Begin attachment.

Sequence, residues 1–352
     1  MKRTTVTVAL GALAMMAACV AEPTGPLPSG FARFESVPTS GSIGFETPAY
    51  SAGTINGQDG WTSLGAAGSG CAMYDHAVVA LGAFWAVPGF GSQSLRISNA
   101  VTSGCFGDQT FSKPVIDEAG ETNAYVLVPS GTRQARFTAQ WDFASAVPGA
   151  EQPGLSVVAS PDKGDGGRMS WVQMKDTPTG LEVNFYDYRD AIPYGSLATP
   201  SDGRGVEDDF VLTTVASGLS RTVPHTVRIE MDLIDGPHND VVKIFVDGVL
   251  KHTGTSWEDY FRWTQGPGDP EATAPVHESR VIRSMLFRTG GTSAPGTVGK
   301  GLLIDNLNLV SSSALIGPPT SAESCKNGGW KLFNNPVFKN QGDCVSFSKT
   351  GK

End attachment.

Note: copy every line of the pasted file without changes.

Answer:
Sequence, residues 1–352
     1  MKRTTVTVAL GALAMMAACV AEPTGPLPSG FARFESVPTS GSIGFETPAY
    51  SAGTINGQDG WTSLGAAGSG CAMYDHAVVA LGAFWAVPGF GSQSLRISNA
   101  VTSGCFGDQT FSKPVIDEAG ETNAYVLVPS GTRQARFTAQ WDFASAVPGA
   151  EQPGLSVVAS PDKGDGGRMS WVQMKDTPTG LEVNFYDYRD AIPYGSLATP
   201  SDGRGVEDDF VLTTVASGLS RTVPHTVRIE MDLIDGPHND VVKIFVDGVL
   251  KHTGTSWEDY FRWTQGPGDP EATAPVHESR VIRSMLFRTG GTSAPGTVGK
   301  GLLIDNLNLV SSSALIGPPT SAESCKNGGW KLFNNPVFKN QGDCVSFSKT
   351  GK